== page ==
Last week, while on a visit to St. Augustine, Florida – I visited a tiny little collectible shop in a narrow street just off the main old town square. The owner had a small pile of Frank Sinatra long plays as well as a copy of “Legend – Frank Sinatra and the American Dream” by Ethlie Ann Vare.
I had never read a Sinatra biography previously and thought “what the heck!”. The book is a collection of formerly published remembrances by a diverse range of contributors – some from the very early days of Frank’s career, working up until the present time of the biography – 1995 – prior to Frank’s passing in 1998. My personal favorite contribution was from the late New York newspaper beat writer and novelist, Pete Hamill – who had a special and trusting relationship with Sinatra.
It would be ludicrous to attempt to say anything about Sinatra containing any originality – so I won’t. I have enjoyed Sinatra over the years. I was never a zealot fan, probably would have declined an opportunity to see him live (I might have buckled if I had been offered free tickets), and I never purchased a new copy of any Sinatra long play. I did however pick up an occasional 45 along the way. The guy recorded so many songs and released so many singles, I certainly had many to choose from.
I would say that for me “Cycles” stands out – a single released in late 1968 – I picked it up used in early 1970 just as I was about to depart for Phan Rang Viet Nam. The song is/was very sad and I was feeling very sad leaving my wonderful wife of one year and a newborn. I was/am fond of 1975’s “I Believe I’m Gonna Love You”. Frank liked that one – because I heard him say so on a TV show once. There is something special about “Chicago My Kind of Town” from the soundtrack of 1964’s “Robin and the Seven Hoods”. Always makes me sort of wish I was in Chicago.
Beyond that I would take “Come Fly With Me” (don’t ask me why), “Softly as I Leave You”, 1965’s “It Was A Very Good Year”, “Summer Wind” from the following year. “Something Stupid” was not a favorite but Frank liked working with daughter Nancy. Speaking of Nancy, she was one of the first acts signed to Frank’s Reprise record label. But she was a huge flop, missing on 16 straight releases. Then she came into contact with Lee Hazelwood who vowed to break the slump. One his compositions, “These Boots Are Made For Walkin'” captured her interest on first hearing a few lines. Lee didn’t want to pursue it saying it wasn’t finished and was meant for a male vocalist.
Frank was in the house reading a newspaper and heard the demo. He casually told Lee on Hazelwood’s way out that he really liked the record and that was that. The song reached number 1 in 1968 and was only the 2nd number 1 for Reprise – the first being Dean Martin’s “Everybody Loves Somebody”. Nancy had been begging for a song that was not so teeny bop/bubble gum oriented (she had been forced to record songs in a tiny little girl-like voice up until “Boots”. On first takes she stuck to a soft voice treatment until Hazelwood told her to get “nasty” – telling her ‘You’ve been married (Tommy Sands), get nasty – sing it for truckers’ or something along those lines.
Nancy, by the way, was very close to her famous father adoring him until the end, and defending his character throughout his life. After “Boots” Nancy would chart 19 additional times on Reprise often working with Lee Hazelwood. When she departed for RCA Victor, the hits came to an abrupt end but she was okay with it, turning her attention to raising her family.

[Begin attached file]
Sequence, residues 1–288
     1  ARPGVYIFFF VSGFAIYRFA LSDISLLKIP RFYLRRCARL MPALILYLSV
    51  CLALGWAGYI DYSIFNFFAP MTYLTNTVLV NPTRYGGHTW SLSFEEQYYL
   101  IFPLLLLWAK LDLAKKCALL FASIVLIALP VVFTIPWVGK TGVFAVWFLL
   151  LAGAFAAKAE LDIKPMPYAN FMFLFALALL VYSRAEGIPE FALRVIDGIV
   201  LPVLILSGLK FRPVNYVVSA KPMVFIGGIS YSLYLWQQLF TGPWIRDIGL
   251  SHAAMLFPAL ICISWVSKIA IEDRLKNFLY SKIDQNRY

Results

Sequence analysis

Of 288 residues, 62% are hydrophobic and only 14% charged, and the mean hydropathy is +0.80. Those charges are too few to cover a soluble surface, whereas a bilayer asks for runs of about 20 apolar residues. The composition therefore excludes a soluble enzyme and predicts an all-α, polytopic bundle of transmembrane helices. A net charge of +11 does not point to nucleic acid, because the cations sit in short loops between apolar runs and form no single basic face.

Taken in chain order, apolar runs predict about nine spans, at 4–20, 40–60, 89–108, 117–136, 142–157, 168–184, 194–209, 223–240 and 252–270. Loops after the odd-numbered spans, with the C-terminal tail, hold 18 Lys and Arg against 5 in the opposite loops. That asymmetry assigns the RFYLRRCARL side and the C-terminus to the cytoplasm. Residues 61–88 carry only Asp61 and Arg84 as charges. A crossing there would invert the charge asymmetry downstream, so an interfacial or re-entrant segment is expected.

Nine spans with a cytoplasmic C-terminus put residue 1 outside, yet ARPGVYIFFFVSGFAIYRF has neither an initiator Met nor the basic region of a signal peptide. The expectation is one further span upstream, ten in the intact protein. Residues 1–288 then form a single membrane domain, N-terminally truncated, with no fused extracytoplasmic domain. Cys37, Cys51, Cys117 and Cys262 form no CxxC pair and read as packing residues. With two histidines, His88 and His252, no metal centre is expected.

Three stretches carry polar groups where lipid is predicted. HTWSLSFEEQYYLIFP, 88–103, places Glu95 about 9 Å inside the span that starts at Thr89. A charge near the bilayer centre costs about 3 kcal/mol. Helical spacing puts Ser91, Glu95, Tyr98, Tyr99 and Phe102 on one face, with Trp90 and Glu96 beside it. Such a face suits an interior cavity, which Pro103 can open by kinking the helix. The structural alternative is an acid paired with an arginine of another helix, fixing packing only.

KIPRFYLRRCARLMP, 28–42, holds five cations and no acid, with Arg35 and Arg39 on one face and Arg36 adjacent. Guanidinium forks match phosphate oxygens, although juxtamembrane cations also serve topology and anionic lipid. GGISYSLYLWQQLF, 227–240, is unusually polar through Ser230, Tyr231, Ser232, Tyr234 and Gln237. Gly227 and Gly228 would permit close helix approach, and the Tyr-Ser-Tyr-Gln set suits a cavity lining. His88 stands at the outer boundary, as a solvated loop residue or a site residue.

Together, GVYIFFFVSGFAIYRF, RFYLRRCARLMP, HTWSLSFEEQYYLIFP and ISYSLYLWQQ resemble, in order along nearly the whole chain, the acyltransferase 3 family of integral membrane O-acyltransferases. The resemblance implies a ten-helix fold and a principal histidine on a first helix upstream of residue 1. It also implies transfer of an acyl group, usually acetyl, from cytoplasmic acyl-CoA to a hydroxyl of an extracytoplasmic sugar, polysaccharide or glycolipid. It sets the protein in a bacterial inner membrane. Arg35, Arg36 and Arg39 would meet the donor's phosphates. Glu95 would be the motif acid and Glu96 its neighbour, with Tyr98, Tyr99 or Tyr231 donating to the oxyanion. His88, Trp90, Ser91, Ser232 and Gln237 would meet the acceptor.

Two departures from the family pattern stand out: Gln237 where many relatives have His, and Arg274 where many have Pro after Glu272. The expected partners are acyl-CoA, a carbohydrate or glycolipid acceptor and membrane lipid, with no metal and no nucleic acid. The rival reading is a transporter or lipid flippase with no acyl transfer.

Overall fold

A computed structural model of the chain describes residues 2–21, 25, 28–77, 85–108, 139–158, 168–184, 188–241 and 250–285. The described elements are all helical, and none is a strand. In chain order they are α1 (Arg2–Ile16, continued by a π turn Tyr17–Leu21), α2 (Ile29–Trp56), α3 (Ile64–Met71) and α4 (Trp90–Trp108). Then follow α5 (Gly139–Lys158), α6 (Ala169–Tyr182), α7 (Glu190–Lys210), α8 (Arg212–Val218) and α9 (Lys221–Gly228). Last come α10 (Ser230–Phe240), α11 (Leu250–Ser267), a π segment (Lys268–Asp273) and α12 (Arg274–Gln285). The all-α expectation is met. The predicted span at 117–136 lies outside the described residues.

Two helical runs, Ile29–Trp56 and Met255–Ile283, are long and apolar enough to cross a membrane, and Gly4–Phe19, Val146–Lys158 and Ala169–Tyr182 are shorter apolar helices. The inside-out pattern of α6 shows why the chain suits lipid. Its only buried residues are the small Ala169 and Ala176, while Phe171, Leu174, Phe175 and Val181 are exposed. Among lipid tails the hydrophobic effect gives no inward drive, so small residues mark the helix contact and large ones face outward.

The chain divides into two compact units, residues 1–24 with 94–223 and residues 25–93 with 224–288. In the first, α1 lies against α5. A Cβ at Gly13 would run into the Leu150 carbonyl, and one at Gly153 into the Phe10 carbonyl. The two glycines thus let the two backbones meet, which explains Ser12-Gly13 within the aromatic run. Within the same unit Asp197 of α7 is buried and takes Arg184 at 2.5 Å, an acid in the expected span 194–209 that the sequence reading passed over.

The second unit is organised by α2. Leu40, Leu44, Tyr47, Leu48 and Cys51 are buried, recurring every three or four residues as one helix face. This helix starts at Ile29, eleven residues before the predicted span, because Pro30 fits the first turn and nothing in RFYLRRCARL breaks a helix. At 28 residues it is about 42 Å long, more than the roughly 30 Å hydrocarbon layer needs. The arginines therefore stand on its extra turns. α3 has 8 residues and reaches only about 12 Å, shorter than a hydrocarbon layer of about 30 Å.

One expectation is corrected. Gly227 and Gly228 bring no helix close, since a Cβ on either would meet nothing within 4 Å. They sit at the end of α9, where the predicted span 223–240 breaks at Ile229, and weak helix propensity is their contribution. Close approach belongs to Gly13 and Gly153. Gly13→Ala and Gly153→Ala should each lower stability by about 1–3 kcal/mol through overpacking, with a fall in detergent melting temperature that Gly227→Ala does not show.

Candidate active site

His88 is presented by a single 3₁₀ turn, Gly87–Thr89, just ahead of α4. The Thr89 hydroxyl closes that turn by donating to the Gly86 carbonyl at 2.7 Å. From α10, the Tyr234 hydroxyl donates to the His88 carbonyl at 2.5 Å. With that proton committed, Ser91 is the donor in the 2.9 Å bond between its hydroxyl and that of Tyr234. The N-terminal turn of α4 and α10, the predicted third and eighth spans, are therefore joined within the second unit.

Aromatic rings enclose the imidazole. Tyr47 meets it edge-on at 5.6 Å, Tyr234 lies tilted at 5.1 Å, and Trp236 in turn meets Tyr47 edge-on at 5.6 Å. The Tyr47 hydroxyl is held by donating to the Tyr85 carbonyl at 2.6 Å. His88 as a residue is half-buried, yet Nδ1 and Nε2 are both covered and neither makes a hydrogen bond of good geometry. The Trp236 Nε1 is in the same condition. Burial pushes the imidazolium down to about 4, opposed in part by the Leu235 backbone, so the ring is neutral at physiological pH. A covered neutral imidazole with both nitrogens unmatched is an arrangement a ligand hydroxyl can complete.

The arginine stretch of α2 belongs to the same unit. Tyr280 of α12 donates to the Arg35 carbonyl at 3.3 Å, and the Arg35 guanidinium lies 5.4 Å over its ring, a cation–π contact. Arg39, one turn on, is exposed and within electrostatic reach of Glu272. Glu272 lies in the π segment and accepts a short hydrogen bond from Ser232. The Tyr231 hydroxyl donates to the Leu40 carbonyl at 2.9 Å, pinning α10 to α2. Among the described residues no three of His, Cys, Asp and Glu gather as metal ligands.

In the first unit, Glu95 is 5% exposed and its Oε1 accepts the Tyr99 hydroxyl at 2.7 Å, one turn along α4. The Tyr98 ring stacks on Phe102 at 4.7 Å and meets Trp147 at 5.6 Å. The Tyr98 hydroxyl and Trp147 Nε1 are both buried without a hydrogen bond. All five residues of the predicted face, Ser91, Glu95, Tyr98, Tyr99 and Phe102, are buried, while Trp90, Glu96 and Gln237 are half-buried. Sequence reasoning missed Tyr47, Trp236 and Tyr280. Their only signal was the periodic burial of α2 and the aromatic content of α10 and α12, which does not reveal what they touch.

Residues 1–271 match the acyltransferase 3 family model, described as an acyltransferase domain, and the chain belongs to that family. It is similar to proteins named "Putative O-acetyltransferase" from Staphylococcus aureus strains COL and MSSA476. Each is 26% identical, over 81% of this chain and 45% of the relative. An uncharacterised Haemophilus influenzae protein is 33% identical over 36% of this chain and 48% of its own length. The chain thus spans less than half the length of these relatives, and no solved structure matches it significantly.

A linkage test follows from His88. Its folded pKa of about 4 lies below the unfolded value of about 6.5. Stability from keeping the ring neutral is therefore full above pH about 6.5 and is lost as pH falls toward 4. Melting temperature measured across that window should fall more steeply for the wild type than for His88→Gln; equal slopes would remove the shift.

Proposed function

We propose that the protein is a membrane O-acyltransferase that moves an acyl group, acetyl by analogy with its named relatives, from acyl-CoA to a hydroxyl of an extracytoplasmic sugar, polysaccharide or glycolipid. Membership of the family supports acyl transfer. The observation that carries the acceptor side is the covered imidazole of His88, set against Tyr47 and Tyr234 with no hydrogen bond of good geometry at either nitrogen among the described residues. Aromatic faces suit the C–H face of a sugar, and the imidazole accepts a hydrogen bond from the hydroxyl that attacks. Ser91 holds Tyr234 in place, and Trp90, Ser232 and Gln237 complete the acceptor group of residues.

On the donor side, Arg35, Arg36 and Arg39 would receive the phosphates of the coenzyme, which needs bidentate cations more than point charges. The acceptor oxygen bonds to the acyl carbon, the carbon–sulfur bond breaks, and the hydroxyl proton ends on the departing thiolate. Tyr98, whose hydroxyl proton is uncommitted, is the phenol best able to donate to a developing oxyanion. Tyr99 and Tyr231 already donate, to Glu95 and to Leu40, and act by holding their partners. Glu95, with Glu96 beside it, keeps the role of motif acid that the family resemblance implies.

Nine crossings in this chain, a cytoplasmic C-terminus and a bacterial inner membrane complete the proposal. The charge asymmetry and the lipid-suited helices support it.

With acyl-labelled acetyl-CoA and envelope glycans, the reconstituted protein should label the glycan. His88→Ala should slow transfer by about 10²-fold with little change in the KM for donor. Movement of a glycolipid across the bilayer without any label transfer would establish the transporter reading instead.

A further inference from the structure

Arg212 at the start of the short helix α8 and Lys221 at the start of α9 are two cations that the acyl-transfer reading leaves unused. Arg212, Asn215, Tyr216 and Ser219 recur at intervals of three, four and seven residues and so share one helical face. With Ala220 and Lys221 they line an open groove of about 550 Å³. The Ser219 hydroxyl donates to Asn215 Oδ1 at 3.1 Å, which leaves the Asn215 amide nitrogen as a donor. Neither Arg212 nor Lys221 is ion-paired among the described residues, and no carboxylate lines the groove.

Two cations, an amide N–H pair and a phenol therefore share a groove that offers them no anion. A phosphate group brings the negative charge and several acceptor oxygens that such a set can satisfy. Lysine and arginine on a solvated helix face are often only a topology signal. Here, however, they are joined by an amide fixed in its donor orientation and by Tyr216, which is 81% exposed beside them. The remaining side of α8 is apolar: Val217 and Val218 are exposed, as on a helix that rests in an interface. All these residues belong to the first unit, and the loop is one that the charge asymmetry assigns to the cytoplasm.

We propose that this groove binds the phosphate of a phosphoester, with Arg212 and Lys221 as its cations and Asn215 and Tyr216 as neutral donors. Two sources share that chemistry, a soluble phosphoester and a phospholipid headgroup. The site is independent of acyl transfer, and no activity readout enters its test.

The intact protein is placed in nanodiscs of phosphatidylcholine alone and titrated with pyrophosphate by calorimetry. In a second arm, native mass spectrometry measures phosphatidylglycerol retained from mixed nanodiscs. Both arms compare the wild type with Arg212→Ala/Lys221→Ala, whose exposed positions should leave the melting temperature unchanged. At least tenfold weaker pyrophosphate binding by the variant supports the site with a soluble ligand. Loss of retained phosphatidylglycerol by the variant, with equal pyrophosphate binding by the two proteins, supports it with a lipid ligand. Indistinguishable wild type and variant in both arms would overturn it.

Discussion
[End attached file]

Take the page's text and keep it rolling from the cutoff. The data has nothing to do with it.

Back to some other Sinatra tunes I enjoyed – going back to an earlier time on Capitol “Love and Marriage” (1955), “High Hopes” with a ‘bunch of kids’ including Eddie Hodges – and that is probably enough.
Sinatra charted nearly 200 times with singles, but his true strength in recording were his long plays – 83 charting up through 2005 with four number 1’s and with 51 of them entering the top 20!
Now for Robert…
I was in a local Goodwill store yesterday in Arvada where I had just picked up an unplayed copy of Rick Nelson’s long play “The Very Thought of You” when my eye caught hold of a big surprise (for me), a 2015 copy of AARP Magazine with a photo of Bob Dylan on the cover. It was an actual interview not only breaking a three year silence from interviews, but also occurring as a result of Frank contacting AARP and making the request. The interviewer – Robert Love – was pretty certain that Bob had made a big mistake – thinking Love was still reporting for “Rolling Stone Magazine”.
No, Dylan wanted to address AARP’s aging readership. He had just completed the release of a long play titled “Shadows in the Night” a record containing old standards – standards being something that earlier in his career, Columbia Records refused to promote. And ironically, nearly all of the tracks had been recorded at some point in time by Mr. Sinatra, a singer for whom Dylan reserves the highest accolades. I enjoyed the Love interview.
This on-line version is the “uncut interview” and contains lots of extras questions and responses – actually much more than appear in the magazine. Fun Reading!
I like the final response from Bob, whom I recall stating along the way back in an earlier interview when asked about leading a generation, that he ‘wasn’t leading anybody anywhere’ – My kind of Bob:
“Q: You’ve been generous to take up all of these questions.
A: I found the questions really interesting. The last time I did an interview, the guy wanted to know about everything except the music. Man, I’m just a musician, you know? People have been doing that to me since the ’60s — they ask questions like they would ask a medical doctor or a psychiatrist or a professor or a politician. Why? Why are you asking me these things?
Q: What do you ask a musician about?
A: Music! Exactly.”